Skip to main content

Ottawa's buses are going electric; here's what it's like to ride one


OC Transpo buses are going electric, with a plan to make the entire fleet zero-emission. So, what’s it like to be a passenger?

Ottawa currently has four electric buses, but there is a plan for more.

A report prepared for the City of Ottawa's Transit Commission says that OC Transpo's electric buses are performing as well as the existing diesel vehicles, allaying concerns about the future transition to a fully electric fleet.

This follows a previous report last May that showed the battery-electric buses "met or surpassed" the range and efficiency promised by the manufacturer.

“After two years in service, our electric busses have accumulated over 500,000 kilometres and saved approximately 25,000 litres of fuel per bus in 2023. They have also proven reliable,” Program Manager of Capital Projects and Engineering Daniel Villeneuve told the city's Transit Commission Monday.

The city is going all in. Approximately 700 diesel-powered buses will be phased out by 2036, starting with around 350 going electric over the next three years.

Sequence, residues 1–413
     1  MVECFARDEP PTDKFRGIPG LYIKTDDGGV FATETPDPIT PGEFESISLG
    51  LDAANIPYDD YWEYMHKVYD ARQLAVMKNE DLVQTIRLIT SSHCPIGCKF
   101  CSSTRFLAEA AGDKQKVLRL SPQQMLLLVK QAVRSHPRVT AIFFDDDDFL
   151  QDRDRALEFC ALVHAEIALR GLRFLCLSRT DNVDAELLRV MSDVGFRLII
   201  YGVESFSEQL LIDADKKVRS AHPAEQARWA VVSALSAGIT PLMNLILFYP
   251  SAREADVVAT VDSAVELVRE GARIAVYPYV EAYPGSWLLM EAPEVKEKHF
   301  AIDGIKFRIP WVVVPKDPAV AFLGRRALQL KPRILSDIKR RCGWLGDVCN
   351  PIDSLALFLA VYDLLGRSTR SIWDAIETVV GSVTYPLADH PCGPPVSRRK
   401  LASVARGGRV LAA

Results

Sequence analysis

“The eventual plan is to, as per the climate change master plan, is to convert all OC Transpo buses to zero emission,” Villeneuve tells CTV News Ottawa.

He says it is better for the environment and has lower fuel costs, but is going electric actually cheaper?

“To be the determined. The goal is yes, that on the maintenance there's a savings and also on the energy itself. Going from diesel to electric, we are anticipating a savings,” says Villeneuve.

Electric buses also cost more to buy. The city says it has budgeted $1.4 million per bus – compared to the cost of a diesel bus, which was around $700,000 years ago, when new.

Passenger experience

OC Transpo allowed CTV News to ride an electric bus recently. It’s fairly similar to being a passenger on a regular bus – and some may not even realize it; except for one thing that’s missing, the sound of the diesel engine.

The lack of engine noise has caused the city to install “white noise” generators on the exterior of the bus.

“That operates when the bus is a slow-moving, below 30 kilometers. So as they pull up to a station, you know, if there's pedestrians, cyclists and so on, it's for safety and also for accessible feature,” says Villeneuve.

While the bus is powered by electricity, there is a diesel-powered heater on board. Villeneuve tells CTV News it turns on when the temperature gets below 5 degrees Celsius.

OC Transpo says it is also adding more chargers and other upgrades at the St. Laurent bus garage, along with a planned boost to the power grid.

“We are in partnership with Hydro Ottawa to when they'll bring in a temporary service as we transition and a permanent connection as they build their new offsite substation to support the electricity required for the program,” says Villeneuve.

There will also be two natural gas-powered back-up generators, to charge buses in the event of a power outage. Top Stories

Stay Connected